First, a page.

*The life and work of Tony- and Pulitzer-winning playwright August Wilson will be examined in the next “American Masters” special for PBS, with filmmaker Sam Pollard weaving biographical info with clips and readings from his 10-play cycle, chronicling each decade of the 20th-century African-American experience.
“My approach was, first, to really revisit and re watch all of the plays so I could really understand the complexity of the Hill District in Pittsburgh,” Pollard told the TCA in January, referencing Wilson’s hometown. “And then the idea was to present each play and understand why each play functioned the way it did, in terms of ‘Fences,’ in terms of ‘Joe Turner’s Come and Gone’ and look at the complexity of August’s sort of sense of spirituality and ritual and speech from play to play.
“August Wilson: The Ground on Which I Stand,” premiering Friday, Feb. 20 at 9 p.m. (check local listings), is part of PBS’s commemoration of Wilson’s 70th birthday, the 10th anniversary of his death and the channel’s Black History Month programming.
Pollard rounded up choice talent from Wilson’s plays – Viola Davis, Charles Dutton, Laurence Fishburne, James Earl Jones and Phylicia Rashad – as well as playwright Suzan-Lori Parks, Wilson’s sister Freda Ellis, his widow and costume designer Constanza Romero, friends, colleagues and scholars to shed light on the legendary writer.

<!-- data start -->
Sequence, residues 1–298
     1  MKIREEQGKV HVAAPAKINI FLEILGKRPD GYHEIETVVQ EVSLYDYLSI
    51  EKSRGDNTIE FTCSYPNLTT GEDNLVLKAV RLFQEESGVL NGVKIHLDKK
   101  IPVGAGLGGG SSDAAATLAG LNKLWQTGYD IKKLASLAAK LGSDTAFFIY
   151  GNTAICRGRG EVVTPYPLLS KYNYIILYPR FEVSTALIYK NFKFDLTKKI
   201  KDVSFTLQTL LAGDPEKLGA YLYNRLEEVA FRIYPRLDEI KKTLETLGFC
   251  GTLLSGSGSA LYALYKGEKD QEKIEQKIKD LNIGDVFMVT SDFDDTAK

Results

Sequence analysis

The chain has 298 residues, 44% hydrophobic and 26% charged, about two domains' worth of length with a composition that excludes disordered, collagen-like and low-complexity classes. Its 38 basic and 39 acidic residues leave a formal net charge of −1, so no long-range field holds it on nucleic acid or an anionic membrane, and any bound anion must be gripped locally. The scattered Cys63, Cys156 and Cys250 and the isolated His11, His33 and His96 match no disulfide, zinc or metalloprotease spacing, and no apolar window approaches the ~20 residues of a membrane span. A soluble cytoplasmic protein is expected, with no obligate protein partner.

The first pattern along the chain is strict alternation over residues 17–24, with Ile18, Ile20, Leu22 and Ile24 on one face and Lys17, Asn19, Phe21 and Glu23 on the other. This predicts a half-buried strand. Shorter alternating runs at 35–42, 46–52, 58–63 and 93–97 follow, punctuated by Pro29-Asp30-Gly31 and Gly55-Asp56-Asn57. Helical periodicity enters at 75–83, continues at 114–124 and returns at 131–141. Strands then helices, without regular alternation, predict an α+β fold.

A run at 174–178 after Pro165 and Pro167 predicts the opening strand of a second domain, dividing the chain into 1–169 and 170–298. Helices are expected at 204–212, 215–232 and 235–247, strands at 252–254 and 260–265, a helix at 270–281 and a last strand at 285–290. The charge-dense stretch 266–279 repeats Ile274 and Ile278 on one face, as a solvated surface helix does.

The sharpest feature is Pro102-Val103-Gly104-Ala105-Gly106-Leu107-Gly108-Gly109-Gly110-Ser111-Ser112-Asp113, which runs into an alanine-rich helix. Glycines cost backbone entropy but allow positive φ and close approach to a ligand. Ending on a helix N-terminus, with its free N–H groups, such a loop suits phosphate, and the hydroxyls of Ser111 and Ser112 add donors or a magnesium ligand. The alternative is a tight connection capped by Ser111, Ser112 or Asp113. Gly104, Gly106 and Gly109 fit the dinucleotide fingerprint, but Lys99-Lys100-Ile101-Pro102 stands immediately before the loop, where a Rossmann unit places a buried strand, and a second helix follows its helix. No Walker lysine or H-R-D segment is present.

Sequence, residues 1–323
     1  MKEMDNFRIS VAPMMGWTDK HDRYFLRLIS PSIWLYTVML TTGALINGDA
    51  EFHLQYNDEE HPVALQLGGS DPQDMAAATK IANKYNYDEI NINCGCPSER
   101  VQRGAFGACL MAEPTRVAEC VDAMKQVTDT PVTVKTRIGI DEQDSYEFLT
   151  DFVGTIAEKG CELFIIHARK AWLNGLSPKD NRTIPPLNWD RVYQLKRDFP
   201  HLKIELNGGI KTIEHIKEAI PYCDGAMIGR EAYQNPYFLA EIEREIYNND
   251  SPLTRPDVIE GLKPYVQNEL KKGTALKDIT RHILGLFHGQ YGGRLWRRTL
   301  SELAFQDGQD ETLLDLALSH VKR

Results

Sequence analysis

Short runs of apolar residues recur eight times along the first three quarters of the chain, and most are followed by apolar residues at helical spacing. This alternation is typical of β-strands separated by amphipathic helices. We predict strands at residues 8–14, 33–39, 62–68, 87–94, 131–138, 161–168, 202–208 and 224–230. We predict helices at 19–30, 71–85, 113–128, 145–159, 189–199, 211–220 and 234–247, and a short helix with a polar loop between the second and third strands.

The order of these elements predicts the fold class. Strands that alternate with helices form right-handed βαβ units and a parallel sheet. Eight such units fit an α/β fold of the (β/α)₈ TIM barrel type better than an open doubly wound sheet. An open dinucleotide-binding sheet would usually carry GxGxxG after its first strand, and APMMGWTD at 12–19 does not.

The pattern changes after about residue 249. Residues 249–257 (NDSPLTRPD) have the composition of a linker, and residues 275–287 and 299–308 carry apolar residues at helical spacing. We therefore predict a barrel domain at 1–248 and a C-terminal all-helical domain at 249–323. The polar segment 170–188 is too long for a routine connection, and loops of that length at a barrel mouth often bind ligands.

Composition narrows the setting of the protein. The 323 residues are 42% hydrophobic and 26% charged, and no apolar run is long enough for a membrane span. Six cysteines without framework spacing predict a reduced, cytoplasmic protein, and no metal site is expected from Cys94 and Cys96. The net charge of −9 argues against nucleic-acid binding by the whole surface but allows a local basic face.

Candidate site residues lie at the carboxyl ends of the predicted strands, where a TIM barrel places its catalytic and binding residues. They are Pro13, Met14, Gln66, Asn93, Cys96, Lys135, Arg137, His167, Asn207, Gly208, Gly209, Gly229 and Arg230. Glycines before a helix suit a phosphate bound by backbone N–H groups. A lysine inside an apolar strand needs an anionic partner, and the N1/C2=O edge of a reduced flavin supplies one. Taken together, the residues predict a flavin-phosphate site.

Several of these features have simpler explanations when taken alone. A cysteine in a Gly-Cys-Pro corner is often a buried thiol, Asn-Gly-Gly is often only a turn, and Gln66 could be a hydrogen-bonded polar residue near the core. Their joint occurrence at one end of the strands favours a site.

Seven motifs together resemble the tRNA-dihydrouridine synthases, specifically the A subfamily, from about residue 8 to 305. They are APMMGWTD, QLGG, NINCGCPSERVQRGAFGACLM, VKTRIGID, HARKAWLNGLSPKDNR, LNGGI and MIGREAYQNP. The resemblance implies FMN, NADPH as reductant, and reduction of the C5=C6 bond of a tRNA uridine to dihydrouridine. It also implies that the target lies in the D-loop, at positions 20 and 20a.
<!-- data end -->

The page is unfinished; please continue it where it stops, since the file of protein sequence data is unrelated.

“We were also very fortunate that a lot of the plays had been recorded and they were archived in the New York Public Library,” Pollard said. “So we were able to go to that library and pull out those plays to use and have some of the clips. But the other important thing to me was, in some cases, [to] redo some of these very important scenes that we felt weren’t going to be representative enough from the clips. So that was sort of my strategy as I was bringing all the elements together.”
Pollard also recruited famed jazz musician Wynton Marsalis to play a special number for the film. When Wilson found out he was terminally ill, he began preparing for his funeral, and wanted Marsalis to play a version of ‘Danny Boy,’ recalls Pollard.
“There was never a recorded version, so we got in touch with Wynton and Wynton’s agent, and we asked if he would actually play the solo for us, and we went into a recording studio and recorded it.
Below, Pollard shares more details about his day in the studio with Marsalis:
The DVD of the film will be available February 24 from PBS Distribution.
Watch a promo of the special, premiering Friday, Feb. 20, below: